Source: EDITORIAL COMMENT: Police must direct resources to save lives | The Herald April 20, 2017
Over the Easter and Independence holidays, 23 people were killed in road accidents. Causes of these fatal accidents and hundreds of other reported accidents were given by a police spokesperson as: speeding, unsafe overtaking, driver inattention, failure to stop at red lights and Stop signs, and failure to give way when legally required to do so. To this list can almost certainly be added, in at least a significant fraction of accidents, drivers who have excessive blood levels of alcohol, although since the units investigating accidents regrettably are not equipped with the modern and sensitive equipment to detect alcohol levels, the spokesperson could not give this as a contributing factor.
The reasons for the tragedies are those that other traffic safety experts usually list in every country as the cause of all, but a tiny handful of accidents, fatal or otherwise.
At the same time there has been extensive debate in Zimbabwe over police roadblocks, with many complaining that these seemed to be geared towards finding minor infractions of regulations than in trying to reduce death tolls.
We tend to agree. It is unlikely that missing a jack handle or having a number plate light that does not work in daylight will cause an accident, let alone kill anyone. So an extensive mobilisation of resources for such trivial breaches seems misplaced. And it also creates a lot of ill-feeling among the public.
On the other hand there are a minority of police teams who are actively cutting accident rates. These are those ensuring drivers stop at red lights and Stop signs and those who have one of the very few speed measuring radar sets.
Even when these teams are deployed on just one or two random days each week at the selected point, the word gets around and decent safe driving becomes very common. And even those caught committing driving offences might be angry, but they also tend to agree that they were asking for it.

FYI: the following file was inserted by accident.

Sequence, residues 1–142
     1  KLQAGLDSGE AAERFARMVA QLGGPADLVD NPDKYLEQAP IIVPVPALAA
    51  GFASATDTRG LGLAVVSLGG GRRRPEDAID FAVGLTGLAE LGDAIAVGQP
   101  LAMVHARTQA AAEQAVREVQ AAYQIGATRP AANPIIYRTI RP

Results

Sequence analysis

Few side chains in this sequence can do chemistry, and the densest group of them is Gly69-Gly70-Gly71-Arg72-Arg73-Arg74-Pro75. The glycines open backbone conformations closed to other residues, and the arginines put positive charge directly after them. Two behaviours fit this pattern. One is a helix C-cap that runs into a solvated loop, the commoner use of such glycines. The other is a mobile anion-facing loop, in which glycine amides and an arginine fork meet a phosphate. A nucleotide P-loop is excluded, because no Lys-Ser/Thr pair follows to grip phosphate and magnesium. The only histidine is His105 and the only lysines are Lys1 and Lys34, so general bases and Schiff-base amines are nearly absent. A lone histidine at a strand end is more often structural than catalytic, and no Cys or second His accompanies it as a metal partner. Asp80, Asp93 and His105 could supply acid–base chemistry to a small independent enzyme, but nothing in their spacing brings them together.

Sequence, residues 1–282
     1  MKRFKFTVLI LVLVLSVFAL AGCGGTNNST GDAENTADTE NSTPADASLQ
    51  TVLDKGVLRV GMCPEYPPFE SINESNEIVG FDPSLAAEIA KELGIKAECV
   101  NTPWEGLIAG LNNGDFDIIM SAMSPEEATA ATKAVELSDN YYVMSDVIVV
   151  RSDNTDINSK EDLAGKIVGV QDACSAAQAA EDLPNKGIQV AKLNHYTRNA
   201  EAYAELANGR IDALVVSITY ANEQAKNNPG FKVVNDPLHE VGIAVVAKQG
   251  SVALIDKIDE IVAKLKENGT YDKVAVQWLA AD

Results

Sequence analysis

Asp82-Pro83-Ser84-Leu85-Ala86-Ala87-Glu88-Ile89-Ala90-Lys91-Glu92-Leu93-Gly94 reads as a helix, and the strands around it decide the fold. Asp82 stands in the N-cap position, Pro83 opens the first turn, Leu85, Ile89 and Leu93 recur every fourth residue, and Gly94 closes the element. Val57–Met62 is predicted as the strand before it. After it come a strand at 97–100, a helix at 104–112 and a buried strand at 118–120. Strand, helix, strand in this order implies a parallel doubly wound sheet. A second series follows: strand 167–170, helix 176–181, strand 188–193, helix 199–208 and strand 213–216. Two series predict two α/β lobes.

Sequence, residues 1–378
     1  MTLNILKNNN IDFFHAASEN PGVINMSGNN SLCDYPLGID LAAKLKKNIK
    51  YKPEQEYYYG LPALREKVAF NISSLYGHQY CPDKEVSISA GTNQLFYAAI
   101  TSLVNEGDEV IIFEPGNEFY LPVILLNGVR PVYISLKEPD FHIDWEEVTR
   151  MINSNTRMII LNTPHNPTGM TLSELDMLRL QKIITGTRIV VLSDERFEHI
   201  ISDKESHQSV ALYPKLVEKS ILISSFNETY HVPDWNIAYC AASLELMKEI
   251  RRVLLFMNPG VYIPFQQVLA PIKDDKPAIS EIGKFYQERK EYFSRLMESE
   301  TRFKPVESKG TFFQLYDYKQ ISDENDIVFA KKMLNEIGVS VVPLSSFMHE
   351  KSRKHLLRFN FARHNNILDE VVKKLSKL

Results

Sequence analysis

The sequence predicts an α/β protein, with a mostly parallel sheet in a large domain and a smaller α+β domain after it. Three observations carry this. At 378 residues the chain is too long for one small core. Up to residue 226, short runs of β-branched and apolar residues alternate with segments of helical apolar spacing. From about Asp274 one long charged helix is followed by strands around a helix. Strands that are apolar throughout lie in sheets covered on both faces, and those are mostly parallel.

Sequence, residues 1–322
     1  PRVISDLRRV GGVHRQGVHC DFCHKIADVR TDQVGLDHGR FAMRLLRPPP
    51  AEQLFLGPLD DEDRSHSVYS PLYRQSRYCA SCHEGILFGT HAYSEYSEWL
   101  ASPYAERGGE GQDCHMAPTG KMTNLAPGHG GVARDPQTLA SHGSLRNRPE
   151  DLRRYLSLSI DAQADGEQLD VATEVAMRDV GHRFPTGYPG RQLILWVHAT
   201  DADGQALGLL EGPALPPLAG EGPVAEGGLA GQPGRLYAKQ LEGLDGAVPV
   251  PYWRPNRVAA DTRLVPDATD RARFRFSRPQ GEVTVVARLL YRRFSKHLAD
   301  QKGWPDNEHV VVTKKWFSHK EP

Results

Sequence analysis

At least in daylight.
There is very little police preventative work at night. As a result speeding is common, especially now that so much work has been done on repairing the main roads. Few drivers stop at red lights or Stop signs and some refuse to even slow down as they enter an intersection against the lights.
And it is highly likely from watching the way some accelerate away from bar car parks, that there are a fair number of night drivers with alcohol levels way above the limit. And there are still too many cars without functioning headlights.
The result is predictable, a high number of serious accidents that lead to serious injuries and death rather than the far less severe rear-end shunts so common in daylight. It has got to the stage that the careful drivers anxious to live now have to stop at all traffic lights, regardless of whether they are green or red, since there is a distinct possibility that a vehicle coming from the side road will simply proceed against the red light at speed.
Far more deployment of traffic units to night work could cut death rates, and if fine income is a factor then anyone watching a main Harare road at say 10pm can easily see that a majority of drivers are committing fineable offences.
All it would take would be a modest redeployment of available manpower and resources.
The result would be a low accident rate and a far more pleasant relationship between the public and police.